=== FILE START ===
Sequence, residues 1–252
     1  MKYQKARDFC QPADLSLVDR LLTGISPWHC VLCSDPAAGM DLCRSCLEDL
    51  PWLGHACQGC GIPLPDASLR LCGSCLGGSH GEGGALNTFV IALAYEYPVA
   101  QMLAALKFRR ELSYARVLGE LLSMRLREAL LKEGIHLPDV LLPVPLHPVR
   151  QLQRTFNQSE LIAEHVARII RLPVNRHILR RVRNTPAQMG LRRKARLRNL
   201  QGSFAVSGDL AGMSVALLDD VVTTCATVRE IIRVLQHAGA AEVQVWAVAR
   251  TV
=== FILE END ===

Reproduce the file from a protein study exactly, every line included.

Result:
Sequence, residues 1–252
     1  MKYQKARDFC QPADLSLVDR LLTGISPWHC VLCSDPAAGM DLCRSCLEDL
    51  PWLGHACQGC GIPLPDASLR LCGSCLGGSH GEGGALNTFV IALAYEYPVA
   101  QMLAALKFRR ELSYARVLGE LLSMRLREAL LKEGIHLPDV LLPVPLHPVR
   151  QLQRTFNQSE LIAEHVARII RLPVNRHILR RVRNTPAQMG LRRKARLRNL
   201  QGSFAVSGDL AGMSVALLDD VVTTCATVRE IIRVLQHAGA AEVQVWAVAR
   251  TV